What is stress?
Stress is our body’s response to pressure. Many different situations or life events can cause stress. It is often triggered when we experience something new, unexpected or that threatens our sense of self, or when we feel we have little control over a situation.
We all deal with stress differently. Our ability to cope can depend on our genetics, early life events, personality and social and economic circumstances.
When we encounter stress, our body produces stress hormones that trigger a fight or flight response and activate our immune system. This helps us respond quickly to dangerous situations.
Sometimes, this stress response can be useful: it can help us push through fear or pain so we can run a marathon or deliver a speech, for example. Our stress hormones will usually go back to normal quickly once the stressful event is over, and there won’t be any lasting effects.
However, too much stress can cause negative effects. It can leave us in a permanent stage of fight or flight, leaving us overwhelmed or unable to cope. Long term, this can affect our physical and mental health.
What makes us stressed?
Many things that can lead to stress: bereavement, divorce or separation, losing a job or unexpected money problems. Work-related stress can also have a negative impact on your mental health. People affected by work-related stress lose an average of 24 days of work due to ill health.
Even positive life changes, such as moving to a bigger house, gaining a job promotion or going on holiday can be sources of stress. If you feel stressed in these situations you may struggle to understand why or be unwilling to share your feelings with others.
What are the signs of stress?
How you might behave
You may behave differently if you’re stressed. You may:
- withdraw from other people or snap at them
- be indecisive or inflexible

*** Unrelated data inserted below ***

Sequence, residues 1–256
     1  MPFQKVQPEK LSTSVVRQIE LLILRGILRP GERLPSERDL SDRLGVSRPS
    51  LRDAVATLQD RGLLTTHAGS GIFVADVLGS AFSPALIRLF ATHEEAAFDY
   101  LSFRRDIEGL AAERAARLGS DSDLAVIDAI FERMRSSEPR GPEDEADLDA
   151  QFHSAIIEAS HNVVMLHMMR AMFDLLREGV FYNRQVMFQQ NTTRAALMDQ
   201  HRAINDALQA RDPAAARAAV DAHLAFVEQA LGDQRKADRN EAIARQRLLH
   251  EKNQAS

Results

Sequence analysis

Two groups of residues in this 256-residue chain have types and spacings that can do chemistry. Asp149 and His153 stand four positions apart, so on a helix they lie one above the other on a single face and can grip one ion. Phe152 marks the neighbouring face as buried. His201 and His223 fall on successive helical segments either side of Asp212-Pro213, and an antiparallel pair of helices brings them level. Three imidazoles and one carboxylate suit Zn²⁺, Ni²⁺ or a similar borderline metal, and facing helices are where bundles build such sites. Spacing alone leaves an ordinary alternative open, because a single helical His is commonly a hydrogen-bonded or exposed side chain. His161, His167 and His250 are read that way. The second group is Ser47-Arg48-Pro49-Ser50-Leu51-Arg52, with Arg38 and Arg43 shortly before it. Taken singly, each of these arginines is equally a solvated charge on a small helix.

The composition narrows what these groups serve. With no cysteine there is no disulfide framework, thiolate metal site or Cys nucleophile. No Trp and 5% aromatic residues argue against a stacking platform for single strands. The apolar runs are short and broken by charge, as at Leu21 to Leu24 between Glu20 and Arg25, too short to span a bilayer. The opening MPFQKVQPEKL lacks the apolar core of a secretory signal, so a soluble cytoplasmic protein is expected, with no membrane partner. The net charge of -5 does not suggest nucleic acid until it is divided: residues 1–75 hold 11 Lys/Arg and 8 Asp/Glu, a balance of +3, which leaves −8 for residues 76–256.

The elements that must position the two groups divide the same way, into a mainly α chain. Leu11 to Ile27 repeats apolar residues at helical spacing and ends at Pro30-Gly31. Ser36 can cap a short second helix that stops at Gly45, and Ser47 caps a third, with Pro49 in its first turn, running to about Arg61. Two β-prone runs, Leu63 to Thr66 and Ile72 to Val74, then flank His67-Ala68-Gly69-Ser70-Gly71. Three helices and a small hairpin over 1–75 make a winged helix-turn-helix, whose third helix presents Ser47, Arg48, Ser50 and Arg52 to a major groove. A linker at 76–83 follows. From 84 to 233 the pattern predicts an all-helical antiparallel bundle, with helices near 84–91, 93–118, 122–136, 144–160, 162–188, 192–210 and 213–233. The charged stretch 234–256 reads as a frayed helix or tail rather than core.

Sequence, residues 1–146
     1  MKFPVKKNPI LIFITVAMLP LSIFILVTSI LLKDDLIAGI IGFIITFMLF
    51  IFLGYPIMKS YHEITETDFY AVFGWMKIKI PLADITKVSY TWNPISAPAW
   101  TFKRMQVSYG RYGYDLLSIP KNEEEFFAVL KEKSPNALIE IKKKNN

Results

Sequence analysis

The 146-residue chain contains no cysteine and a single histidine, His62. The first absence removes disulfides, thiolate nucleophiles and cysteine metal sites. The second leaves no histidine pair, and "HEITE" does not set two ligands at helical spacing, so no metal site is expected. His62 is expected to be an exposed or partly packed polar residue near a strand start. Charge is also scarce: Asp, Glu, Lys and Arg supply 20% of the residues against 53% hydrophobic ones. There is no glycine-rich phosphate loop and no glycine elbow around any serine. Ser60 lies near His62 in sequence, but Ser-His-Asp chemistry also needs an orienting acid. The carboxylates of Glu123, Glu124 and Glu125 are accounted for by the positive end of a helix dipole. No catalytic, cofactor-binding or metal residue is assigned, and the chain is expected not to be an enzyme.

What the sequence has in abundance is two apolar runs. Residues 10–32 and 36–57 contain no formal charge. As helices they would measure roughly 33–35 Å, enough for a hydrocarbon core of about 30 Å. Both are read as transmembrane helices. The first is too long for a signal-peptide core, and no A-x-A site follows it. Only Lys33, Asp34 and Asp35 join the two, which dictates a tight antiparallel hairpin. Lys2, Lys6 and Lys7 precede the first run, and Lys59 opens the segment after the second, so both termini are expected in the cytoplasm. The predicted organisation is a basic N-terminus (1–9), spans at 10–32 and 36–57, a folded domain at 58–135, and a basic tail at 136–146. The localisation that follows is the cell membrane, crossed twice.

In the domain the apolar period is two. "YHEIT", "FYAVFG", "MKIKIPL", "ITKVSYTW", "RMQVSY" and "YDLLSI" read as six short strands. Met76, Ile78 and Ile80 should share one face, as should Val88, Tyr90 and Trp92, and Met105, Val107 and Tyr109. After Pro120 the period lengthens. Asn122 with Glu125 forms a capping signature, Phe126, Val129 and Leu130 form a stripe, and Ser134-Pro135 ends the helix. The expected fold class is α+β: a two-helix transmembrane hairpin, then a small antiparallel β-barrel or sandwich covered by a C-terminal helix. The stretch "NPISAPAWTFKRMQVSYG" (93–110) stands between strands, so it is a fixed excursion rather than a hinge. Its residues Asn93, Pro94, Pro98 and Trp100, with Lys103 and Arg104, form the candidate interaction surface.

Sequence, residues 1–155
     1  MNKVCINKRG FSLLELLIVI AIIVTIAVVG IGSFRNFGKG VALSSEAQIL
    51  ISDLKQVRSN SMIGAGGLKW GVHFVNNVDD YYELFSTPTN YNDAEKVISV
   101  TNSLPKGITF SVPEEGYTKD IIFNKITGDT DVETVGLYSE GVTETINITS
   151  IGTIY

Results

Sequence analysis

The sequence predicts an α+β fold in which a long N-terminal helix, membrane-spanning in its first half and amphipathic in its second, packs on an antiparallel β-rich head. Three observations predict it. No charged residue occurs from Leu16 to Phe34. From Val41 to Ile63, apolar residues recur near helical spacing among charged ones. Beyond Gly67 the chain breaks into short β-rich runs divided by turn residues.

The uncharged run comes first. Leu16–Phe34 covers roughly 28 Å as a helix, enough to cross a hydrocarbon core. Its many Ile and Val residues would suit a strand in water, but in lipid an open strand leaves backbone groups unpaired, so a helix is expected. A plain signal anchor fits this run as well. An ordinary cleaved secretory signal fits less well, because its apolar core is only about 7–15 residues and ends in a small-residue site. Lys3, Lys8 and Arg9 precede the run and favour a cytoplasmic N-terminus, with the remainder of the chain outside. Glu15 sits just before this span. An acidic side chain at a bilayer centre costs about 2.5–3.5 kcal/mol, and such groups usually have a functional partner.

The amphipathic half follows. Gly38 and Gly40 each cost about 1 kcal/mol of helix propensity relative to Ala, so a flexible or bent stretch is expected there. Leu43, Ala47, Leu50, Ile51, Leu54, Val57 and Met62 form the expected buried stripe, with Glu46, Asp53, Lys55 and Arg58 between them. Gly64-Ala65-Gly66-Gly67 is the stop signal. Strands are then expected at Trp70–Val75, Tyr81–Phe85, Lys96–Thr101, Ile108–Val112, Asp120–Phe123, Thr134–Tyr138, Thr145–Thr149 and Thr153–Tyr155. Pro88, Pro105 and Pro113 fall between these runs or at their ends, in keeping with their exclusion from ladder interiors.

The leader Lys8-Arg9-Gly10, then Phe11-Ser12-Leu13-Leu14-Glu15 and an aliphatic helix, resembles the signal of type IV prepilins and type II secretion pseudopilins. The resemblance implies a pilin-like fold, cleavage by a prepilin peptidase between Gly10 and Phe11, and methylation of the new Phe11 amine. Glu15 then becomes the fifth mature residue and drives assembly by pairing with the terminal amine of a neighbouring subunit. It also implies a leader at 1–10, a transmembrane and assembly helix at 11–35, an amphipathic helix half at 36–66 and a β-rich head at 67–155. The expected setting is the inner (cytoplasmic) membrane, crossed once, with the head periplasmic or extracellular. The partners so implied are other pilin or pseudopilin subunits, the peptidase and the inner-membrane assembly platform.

- be tearful
- have problems getting to sleep or staying asleep
- experience sexual problems
- smoke, drink alcohol or take drugs more than usual
If the stress is long-lasting, you may notice your sleep and memory are affected, your eating habits change, or you feel less inclined to exercise.
Some research has also linked long-term stress to gastrointestinal conditions like Irritable Bowel Syndrome (IBS) or stomach ulcers, as well as conditions like cardiovascular disease.
Who is affected by stress?
All of us can probably recognise some of the feelings described above. Some people seem to be more affected by stress than others. For some people, getting out of the door on time each morning can be a very stressful experience, whereas others may be less affected with a great deal of pressure.
Some people are more likely to experience stressful situations than others. For example:
- people with a lot of debt or financial insecurity are more likely to be stressed about money
- people from minority ethnic groups or who are LGBTQIA+ are more likely to be stressed about prejudice or discrimination
- people with disabilities or long-term health conditions are more likely to be stressed about their health or about stigma associated with their condition.
How can you help yourself?
If you're feeling stressed, there are some things you can try to feel less tense and overwhelmed.
1. Recognise when stress is a problem
It’s important to connect the physical and emotional signs you’re experiencing to the pressures you are faced with. Don’t ignore physical warning signs such as tense muscles, tiredness, headaches or migraines.